Slack has become an important tool to make the workplace more collaborative. However, it has also become the primary reason for stress, fatigue and degraded productivity. Here are some basic etiquette to keep in mind:


  • Slack is not email - if you are using Slack as a replacement for email, then there's something wrong. (example: weekly status reports, product specs, engineering design etc. ideally should be over wiki/email)
  • Slack isn't meant for deep discussions that last for days/weeks. Use email instead.
  • Slack is meant for ephemeral communication. Avoid taking decisions on Slack, and if you do - send an email or note them down in appropriate documents. Slack messages get lost very easily.


  • Default to public channels. Create a private channel if you want it to be accessible only to a few folks
  • If you are creating a channel, follow your org's convention of naming channels (including underscore vs hyphen in the channel name)
  • If you are part of a private channel, don't add more folks without asking the person who created or is running the channel.
  • Archive channels that are no longer needed.
  • Every channel must have a specific reason for existence. This might be different from the stated purpose on Slack. If a lot of channels have similar set of members, and they talk about the similar things in all the channels - merge them (by archiving other channels)

Direct Messages (DM)

  • DMs create silos and information asymmetry. I am a big fan of Stripe's email transparency culture, and hence I insist on minimising DMs as much as possible.
  • If more than 2 people have messaged you asking the same thing, you should consider putting your answer in a channel or a document.
  • Slack allows you to DM upto 7 people at once, however I recommend at max 3 people DMs (including you), if you want to talk to more at once - use an existing channel, create a new channel (avoid it as much as possible though) or take this conversation over email. Adding more folks and giving them context about the discussion is much easier that way.
  • In the WFH world like today, I would recommend not sending a DM after work hours. DMs create notifications. Send an email instead. This way the receiver can process the message at his own time.
  • If you choose to DM, put the whole question in first message itself - it's stupid to message hi/hey and wait for other person to respond. By writing down the whole message, you also let the receiver decide the priority of the message.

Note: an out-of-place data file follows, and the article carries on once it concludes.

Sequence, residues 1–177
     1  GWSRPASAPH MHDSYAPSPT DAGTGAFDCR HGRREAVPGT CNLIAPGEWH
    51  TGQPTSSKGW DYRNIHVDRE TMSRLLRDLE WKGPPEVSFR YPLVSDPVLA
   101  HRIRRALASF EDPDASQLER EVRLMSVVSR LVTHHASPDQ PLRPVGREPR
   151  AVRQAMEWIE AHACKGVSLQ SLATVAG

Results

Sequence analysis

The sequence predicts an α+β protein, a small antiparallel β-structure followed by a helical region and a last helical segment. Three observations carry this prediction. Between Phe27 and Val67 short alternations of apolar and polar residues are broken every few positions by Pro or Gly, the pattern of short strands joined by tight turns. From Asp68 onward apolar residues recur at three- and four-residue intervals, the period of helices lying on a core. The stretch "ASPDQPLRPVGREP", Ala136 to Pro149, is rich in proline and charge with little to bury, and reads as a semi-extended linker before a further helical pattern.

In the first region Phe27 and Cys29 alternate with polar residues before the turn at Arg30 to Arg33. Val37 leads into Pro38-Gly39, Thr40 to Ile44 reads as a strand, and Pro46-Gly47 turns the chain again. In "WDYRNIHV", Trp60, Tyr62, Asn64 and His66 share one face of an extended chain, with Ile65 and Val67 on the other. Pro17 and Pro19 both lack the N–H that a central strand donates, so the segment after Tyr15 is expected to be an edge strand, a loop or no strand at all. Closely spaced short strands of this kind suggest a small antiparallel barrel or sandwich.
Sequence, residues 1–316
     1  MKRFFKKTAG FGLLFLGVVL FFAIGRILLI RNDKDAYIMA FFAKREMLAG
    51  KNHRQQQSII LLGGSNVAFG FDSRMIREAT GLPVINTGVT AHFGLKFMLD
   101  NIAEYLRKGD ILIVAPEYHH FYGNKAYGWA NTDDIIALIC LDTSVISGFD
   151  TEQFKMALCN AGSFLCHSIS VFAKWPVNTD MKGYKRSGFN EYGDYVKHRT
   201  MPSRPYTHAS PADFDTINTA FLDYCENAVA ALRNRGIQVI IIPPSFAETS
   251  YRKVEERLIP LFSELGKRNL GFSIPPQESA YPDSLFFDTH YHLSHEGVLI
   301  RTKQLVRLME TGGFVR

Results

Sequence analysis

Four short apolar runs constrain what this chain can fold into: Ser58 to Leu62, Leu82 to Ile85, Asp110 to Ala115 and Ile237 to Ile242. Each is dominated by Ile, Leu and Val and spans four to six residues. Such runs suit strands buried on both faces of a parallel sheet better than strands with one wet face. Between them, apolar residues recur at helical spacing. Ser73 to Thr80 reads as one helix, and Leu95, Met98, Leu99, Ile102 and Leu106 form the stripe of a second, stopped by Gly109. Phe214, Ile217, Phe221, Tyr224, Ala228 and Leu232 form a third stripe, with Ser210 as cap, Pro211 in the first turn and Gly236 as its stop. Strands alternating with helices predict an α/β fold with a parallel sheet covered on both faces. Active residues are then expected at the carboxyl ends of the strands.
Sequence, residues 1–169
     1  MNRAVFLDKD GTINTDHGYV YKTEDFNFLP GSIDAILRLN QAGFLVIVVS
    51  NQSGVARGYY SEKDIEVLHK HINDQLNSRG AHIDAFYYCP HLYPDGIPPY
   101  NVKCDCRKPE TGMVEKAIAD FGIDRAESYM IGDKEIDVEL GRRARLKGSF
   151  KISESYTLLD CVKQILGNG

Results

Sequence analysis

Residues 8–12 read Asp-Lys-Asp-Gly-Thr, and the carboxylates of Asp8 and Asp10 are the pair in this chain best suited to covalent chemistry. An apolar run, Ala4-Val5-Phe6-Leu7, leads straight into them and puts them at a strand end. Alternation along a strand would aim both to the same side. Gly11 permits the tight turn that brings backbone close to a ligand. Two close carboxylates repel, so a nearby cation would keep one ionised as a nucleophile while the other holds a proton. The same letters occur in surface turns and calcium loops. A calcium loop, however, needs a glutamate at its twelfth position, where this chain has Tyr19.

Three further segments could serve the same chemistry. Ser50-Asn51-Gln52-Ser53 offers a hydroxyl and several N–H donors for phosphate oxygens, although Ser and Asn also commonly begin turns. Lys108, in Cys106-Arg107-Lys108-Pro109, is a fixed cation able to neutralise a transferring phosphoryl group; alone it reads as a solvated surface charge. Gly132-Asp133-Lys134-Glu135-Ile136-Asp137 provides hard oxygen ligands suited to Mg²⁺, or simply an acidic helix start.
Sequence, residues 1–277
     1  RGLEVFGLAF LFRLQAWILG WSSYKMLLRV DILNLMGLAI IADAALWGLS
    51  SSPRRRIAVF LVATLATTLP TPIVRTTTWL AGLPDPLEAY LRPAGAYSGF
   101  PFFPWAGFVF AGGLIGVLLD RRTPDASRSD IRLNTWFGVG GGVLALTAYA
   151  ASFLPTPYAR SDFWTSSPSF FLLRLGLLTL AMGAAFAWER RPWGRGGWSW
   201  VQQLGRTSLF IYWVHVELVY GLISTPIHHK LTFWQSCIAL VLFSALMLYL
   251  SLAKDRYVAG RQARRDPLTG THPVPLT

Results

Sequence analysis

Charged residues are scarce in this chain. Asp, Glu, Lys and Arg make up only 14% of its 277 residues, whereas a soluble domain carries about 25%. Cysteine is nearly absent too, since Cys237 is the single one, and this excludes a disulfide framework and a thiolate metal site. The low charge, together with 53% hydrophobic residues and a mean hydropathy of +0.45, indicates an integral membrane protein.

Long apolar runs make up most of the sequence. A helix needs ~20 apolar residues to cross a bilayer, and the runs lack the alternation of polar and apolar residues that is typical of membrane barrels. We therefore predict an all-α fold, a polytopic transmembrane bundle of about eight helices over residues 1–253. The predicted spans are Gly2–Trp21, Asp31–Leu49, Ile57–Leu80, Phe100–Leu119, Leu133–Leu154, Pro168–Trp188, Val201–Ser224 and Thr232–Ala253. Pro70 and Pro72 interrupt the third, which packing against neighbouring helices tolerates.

• Use @channel if you really want everyone to take a note right away. Usually these situations are only emergency situations.
  • Think twice before using @channel in a channel of more than 10 people during off hours. Consider using @here.
  • Most of the @channel messages sent during off hours can be sent in normal working hours. Consider doing that. This helps ensure that importance of @channel message is retained, and they get enough attention from everyone
  • If your channel is a support channel (ex. IT-support), consider creating a user-group (ex. @it-support) as well - this will ensure anyone needing urgent help doesn't have to @channel and disturb everyone who is in the channel to seek help.


  • Don't be a grammar nazi
  • Use DPs and add your title - there are enough bots already on Slack, you don't need to be one.
  • Acknowledge messages. You can use emojis or reactions, but do acknowledge the message.
  • Many times, if you are writing a really long message, it's a signal that this message probably should be sent over email. In case, you still want to go ahead, make it easy to scan by adding line breaks, bullets, and text styling.
  • Utilise threads, especially for happy birthday/congratulations messages. Avoid using a separate message as much as you can.


  • One of least used features of Slack is Status - use it effectively to communicate if you are away from work.
  • Pause notifications/use DND in case you are in a meeting, or working on something important. Notifications should not distract you from the work at hand.